Having designed it to deal with the hazardously accelerated heart rhythms that can cause sudden cardiac arrest (SCA), medtech mainstay Medtronic’s investigation EV ICD (extravascular implantable cardioverter defibrillator) system has now met trial endpoints. Results from its testing phase were presented at the European Society of Cardiology (ESC) Congress 2022 in Barcelona as well as laid out in The New England Journal of Medicine. The first-of-its kind device demonstrated an impressive success rate of just under 98% and met its safety endpoints.
Medtronic honed its EV ICD to mitigate the typical risks associated with commonplace, transvenous ICDs. As opposed to those, its lead is placed via a minimally invasive approach outside the heart and veins, right under the sternum. This placement can help prevent long-term complications often caused by traditionally placed leads, such as blood infection or vessel occlusion. The extensive study in fact surpassed its safety endpoint, with 92.6% of patients not experiencing major system or procedure-induced complications, including hospitalization, system revision, or death, in six months.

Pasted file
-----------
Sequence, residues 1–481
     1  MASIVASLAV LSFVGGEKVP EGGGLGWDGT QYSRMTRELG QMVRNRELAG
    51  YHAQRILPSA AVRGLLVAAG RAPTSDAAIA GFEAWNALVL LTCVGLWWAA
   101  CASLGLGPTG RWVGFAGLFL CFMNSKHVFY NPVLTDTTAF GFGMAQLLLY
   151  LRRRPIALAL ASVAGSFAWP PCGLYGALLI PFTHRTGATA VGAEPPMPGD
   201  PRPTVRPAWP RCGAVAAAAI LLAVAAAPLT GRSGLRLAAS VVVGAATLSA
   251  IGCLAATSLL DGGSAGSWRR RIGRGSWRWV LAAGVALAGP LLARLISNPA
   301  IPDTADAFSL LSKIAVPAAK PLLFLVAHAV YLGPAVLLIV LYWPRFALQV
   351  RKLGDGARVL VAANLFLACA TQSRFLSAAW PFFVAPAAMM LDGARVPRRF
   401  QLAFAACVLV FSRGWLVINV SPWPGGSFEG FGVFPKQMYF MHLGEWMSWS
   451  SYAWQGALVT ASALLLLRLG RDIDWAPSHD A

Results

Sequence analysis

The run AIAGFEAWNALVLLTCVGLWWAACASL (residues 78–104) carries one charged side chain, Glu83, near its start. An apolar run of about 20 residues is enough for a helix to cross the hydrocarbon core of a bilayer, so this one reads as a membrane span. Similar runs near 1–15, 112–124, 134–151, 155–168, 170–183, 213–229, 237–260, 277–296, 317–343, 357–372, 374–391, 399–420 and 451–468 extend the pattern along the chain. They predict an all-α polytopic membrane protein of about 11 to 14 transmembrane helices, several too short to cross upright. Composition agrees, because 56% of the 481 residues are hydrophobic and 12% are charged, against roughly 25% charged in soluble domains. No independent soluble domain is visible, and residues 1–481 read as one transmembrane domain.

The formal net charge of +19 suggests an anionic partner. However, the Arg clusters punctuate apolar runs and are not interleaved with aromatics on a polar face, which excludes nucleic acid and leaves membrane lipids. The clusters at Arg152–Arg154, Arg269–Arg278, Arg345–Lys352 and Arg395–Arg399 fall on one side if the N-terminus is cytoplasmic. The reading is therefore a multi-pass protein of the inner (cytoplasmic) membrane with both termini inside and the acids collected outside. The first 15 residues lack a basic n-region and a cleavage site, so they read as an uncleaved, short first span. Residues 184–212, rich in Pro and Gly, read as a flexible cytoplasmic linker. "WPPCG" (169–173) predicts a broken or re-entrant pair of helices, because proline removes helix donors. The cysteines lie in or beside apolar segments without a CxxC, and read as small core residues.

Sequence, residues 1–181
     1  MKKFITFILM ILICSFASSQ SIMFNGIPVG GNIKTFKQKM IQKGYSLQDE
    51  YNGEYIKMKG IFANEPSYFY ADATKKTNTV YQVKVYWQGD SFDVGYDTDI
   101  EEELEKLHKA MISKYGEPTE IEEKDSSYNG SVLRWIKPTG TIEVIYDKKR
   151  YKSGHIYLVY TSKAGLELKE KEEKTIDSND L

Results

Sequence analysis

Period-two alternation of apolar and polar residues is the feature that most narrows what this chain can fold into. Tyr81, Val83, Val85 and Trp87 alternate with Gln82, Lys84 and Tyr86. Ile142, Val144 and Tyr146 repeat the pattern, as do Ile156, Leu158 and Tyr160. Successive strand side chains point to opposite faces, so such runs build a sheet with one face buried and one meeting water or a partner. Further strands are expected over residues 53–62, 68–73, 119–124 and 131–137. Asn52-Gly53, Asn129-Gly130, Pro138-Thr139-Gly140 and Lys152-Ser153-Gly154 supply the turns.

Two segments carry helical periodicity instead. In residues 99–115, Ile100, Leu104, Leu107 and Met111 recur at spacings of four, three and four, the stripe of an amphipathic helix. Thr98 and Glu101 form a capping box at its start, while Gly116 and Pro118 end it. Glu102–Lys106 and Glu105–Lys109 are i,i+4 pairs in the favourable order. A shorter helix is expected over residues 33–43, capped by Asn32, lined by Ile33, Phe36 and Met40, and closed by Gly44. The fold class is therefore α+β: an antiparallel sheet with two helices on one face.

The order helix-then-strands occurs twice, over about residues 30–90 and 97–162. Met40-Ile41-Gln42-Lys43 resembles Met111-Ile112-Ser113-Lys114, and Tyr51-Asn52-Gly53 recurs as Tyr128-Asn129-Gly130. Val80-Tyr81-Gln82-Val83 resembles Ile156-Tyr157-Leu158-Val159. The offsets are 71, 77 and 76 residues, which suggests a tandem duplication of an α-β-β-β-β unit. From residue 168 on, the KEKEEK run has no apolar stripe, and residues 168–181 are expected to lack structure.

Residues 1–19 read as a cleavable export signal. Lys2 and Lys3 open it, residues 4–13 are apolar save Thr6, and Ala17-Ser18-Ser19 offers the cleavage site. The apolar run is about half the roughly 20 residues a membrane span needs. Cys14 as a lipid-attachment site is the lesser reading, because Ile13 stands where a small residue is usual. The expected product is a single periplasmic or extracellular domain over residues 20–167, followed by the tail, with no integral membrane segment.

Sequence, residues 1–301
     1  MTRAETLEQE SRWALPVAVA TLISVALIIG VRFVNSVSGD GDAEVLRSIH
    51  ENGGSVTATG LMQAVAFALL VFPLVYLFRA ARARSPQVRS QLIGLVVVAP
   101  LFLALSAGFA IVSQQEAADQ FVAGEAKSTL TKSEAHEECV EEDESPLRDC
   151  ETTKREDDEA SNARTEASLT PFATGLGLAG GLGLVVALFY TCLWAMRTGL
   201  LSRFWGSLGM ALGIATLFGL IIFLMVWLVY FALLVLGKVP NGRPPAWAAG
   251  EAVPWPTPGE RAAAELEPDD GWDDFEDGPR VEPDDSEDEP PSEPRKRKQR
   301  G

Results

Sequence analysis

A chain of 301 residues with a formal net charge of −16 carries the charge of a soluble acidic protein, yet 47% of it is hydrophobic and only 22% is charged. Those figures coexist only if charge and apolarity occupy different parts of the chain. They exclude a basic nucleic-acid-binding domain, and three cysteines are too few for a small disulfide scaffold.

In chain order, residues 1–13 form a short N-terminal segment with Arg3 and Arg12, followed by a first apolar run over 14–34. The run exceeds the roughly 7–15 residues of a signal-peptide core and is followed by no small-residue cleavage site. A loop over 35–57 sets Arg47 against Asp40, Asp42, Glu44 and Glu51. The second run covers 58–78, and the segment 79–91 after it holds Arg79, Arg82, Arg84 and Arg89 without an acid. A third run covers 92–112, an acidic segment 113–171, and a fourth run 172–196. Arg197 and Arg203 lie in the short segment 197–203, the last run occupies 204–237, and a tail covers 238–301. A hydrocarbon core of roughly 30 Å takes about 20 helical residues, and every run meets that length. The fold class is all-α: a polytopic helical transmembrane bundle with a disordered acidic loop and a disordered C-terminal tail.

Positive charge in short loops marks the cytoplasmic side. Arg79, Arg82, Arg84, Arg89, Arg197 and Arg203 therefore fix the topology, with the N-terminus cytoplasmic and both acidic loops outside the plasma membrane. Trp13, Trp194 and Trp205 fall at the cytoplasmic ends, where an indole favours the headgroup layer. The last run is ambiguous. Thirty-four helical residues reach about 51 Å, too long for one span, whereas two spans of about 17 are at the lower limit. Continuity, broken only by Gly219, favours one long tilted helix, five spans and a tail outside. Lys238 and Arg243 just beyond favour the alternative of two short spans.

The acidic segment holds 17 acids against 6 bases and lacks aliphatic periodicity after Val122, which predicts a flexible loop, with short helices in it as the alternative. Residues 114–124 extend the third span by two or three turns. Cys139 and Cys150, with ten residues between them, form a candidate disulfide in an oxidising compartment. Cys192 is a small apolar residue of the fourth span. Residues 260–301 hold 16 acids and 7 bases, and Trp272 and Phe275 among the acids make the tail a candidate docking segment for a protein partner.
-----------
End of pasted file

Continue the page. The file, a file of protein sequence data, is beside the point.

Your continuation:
“We are very encouraged by the high defibrillation effectiveness and strong safety profile of the EV ICD system seen in the study, as we look to deliver less-invasive treatment options for patients at risk of sudden cardiac arrest,” said Dr. Ian Crozier of Christchurch Hospital in New Zealand, the man who made public the trial’s outcome at ESC Congress 2022. “These results demonstrate the potential for this novel technology to be used as a safe, successful approach for patients with life-threatening arrhythmias.”